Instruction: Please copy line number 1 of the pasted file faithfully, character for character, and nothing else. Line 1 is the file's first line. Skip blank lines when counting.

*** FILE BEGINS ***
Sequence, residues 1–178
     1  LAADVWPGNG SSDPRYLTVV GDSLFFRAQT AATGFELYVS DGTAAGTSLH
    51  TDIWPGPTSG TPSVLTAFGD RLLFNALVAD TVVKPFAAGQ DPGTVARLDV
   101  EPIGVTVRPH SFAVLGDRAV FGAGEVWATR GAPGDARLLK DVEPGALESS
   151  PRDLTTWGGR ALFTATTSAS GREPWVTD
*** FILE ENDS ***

Sequence, residues 1–178